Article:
The current Lyric Stage production of the 2012 Pulitzer Prize winner for drama, “Water by the Spoonful”, by Quiara Alegria Hudes (Tony winner for “In the Heights” in 2008) presents us with playwriting at its most profound and live theater performance at its most moving. This powerful play makes it clear that, while our lives may be dissimilar on the surface, we all follow remarkably parallel paths as we wrestle with the challenges in our everyday lives. This second in her trilogy of works based on the real life experiences of her cousin Elliot, a veteran of the war in Iraq, (the other two being “Elliot, a Soldier’s Fugue”, a finalist for Pulitzer a few years ago, and “The Happiest Song Plays Last”, recently premiered in Chicago), proves that Hudes is a literary force to be reckoned with, a major new star in the theatrical firmament. This work continues the story she began in her first play, as Elliot Ortiz (Gabriel Rodriguez, seen last season in New Rep’s remarkable “Amadeus”) returns home to his fractured family in Philadelphia (of Puerto Rican descent, as is the playwright herself), struggling to find his place in the what’s left of his world. At the same time, a group of drug addicts in recovery are shown interacting via an online chat room as they too seek, as Hudes puts it, “community… acceptance…connection…redemption, even if it’s only drop by drop”.
While Elliott finds varying degrees of support from family, especially his cousin Yazmin (Sasha Castroverde) and mother Odessa (Mariela Lopez-Ponce), the three chat members, known by their online monikers, Fountainhead (Gabriel Kuttner), who hides his addiction from his wife and even from himself, Chutes&Ladders (Johnny Lee Davenport) who has lost contact with his family and bemoans that he is “fifty years old on a good day”, and Orangutan (Theresa Nguyen), who has chosen to flee to the country of her birth, all find support in their literal interconnectedness. Odessa happens to lead the chat room activity, but she has her own struggle with recovery, as Elliott notes “we all have skeletons, but, yeah, she’s an archeological dig”. By the time we’ve grown to know these characters better, it seems that the regeneration and renewal they all seek is just around the corner, but as Odessa says to Elliott, “staying sober is like dancing on a mine field”.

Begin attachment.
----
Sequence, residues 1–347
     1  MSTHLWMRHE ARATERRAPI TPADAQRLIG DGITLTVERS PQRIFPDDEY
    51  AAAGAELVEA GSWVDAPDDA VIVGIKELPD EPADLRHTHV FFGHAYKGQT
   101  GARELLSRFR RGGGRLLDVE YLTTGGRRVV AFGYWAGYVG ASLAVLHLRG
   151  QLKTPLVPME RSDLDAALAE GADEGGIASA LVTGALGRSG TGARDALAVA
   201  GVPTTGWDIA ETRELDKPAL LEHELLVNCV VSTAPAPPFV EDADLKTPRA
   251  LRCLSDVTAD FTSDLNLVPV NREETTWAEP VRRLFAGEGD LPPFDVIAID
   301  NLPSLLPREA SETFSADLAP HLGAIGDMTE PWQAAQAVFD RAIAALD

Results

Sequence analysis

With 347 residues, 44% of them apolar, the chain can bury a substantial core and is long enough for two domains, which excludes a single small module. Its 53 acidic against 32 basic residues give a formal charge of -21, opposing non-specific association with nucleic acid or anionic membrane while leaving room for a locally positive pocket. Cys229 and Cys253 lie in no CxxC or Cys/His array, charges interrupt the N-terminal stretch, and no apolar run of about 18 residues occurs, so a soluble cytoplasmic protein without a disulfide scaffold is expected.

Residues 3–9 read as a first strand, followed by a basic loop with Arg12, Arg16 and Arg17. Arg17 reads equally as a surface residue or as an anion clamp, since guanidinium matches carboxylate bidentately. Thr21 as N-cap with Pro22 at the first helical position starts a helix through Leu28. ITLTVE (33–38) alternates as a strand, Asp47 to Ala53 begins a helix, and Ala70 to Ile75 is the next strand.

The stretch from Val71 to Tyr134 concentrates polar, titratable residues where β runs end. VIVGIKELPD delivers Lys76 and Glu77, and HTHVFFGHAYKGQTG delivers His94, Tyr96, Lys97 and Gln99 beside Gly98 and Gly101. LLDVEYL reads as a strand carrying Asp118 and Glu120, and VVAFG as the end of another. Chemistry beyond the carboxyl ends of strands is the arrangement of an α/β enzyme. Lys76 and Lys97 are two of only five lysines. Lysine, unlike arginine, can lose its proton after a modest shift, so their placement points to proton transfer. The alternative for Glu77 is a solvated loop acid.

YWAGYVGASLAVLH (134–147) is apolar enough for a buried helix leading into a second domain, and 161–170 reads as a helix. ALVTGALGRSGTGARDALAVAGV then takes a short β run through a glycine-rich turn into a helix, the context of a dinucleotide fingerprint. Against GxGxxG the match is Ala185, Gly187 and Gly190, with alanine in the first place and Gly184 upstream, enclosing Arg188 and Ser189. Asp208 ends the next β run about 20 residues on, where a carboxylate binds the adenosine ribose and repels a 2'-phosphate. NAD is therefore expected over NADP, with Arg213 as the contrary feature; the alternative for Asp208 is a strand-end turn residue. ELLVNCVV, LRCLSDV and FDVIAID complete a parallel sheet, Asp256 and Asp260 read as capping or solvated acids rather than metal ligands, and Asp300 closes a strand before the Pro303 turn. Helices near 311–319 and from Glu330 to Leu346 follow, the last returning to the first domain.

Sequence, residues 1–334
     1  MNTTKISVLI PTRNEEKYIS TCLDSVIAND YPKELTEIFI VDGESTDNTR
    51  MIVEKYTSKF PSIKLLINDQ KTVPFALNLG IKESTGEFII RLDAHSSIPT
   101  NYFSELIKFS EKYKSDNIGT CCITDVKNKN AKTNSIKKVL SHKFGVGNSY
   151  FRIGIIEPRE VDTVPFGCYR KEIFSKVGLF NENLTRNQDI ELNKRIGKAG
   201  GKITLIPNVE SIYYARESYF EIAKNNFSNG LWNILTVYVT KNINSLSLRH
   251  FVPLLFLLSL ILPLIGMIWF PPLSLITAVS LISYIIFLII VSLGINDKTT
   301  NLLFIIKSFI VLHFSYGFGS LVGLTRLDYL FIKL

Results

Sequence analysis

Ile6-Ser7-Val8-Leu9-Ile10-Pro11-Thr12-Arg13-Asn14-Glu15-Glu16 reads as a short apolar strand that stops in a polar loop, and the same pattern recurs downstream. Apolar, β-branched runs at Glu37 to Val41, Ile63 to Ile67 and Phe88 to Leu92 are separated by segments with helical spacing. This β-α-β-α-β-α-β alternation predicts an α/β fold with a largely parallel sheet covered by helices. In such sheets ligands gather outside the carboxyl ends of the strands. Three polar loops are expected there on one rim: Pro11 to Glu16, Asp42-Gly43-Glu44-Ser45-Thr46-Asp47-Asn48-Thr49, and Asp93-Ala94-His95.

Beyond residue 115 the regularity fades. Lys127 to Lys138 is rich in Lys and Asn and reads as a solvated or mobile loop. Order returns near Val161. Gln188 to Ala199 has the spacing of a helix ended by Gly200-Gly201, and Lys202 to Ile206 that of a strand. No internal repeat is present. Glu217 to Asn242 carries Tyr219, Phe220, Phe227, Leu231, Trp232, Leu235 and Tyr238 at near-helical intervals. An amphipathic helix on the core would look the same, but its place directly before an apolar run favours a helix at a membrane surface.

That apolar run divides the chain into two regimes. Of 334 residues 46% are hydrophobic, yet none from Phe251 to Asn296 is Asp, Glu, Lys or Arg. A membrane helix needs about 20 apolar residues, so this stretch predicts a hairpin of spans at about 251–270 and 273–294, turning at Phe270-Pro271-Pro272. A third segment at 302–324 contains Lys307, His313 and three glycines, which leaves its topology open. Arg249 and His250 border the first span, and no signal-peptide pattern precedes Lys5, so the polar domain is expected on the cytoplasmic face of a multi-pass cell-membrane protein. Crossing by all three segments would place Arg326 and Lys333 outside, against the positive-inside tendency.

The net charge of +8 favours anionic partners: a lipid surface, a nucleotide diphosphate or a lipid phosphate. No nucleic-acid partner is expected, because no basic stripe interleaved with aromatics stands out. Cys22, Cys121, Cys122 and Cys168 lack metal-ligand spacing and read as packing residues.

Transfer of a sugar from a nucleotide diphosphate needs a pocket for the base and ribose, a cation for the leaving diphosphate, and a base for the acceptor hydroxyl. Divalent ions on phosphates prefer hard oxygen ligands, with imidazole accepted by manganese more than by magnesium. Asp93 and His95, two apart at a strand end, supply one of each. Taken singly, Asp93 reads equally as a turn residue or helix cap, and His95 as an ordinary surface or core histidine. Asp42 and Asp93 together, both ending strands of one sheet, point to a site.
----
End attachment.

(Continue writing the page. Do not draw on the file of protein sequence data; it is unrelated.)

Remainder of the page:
As described by A. Nora Long, Lyric’s Associate Artistic Director, they “wrestle with loss, identity, poverty, family, faith and fear; drug addiction is only part of that struggle”. They all, individually and collectively, face these real issues, some more effectively than others. As Chutes&Ladders puts it, there are only two rules: “don’t use, and don’t hurt anyone”, but this is easier said than done. What they all aspire to do is to learn how to live, all over again. At one point the question is asked whether they believe in God, in miracles, or at the very least, in action. At another point assurance is given to Elliott: “I know you can do this, but I know you can’t do it alone”. Yet his final decision regarding his present role (a “maker of sandwiches”) and his future dream (to have an acting career) will mirror the lives of the online family, as he moves from caregiver to reconciliation with family to a drastic change in locale. As he says at the end of the play, “If I stay…I’m gonna become one of them; I’m already halfway there… you’ve got armor, you’ve got ideas, but I don’t.” Rodriguez is especially touching in this scene. This may seem all too somber, but there are many touches of humor as well. To the question as to what his native tongue is, Elliott answers “Spanglish”, and one of the group sends another member who can’t swim a pair of water wings. (After all, Hudes’ middle name means “joy”). But the serious message is that just as water by the spoonful every five minutes prevents dehydration, baby steps in recovery are equally small and powerful.
The underlying dissonance these people endure is effectively, even unforgettably driven home by every member of this stellar cast (including Zaven Ovian, in several supporting roles) under the meticulous direction of Scott Edmiston. The technical staff is also at the top of their game, from Sound Design & Composing by Dewey Dellay (utilizing, per the author’s instructions, John Coltrane’s “A Love Supreme” and “Ascension”), to Scenic Design by Richard Wadsworth Chambers, to Costumer Design by Elisabetta Polito and Lighting Design by Karen Perlow, with the exception of brief scenes with overhead lighting that obscured the actors’ facial expressions.
This is a stunning, profoundly memorable production, nothing short of a dramatic triumph for Lyric Stage. As one of Hudes’ mentors, playwright Paula Vogel, once asked: “How many plays make us long for grace?”. This is surely one of them.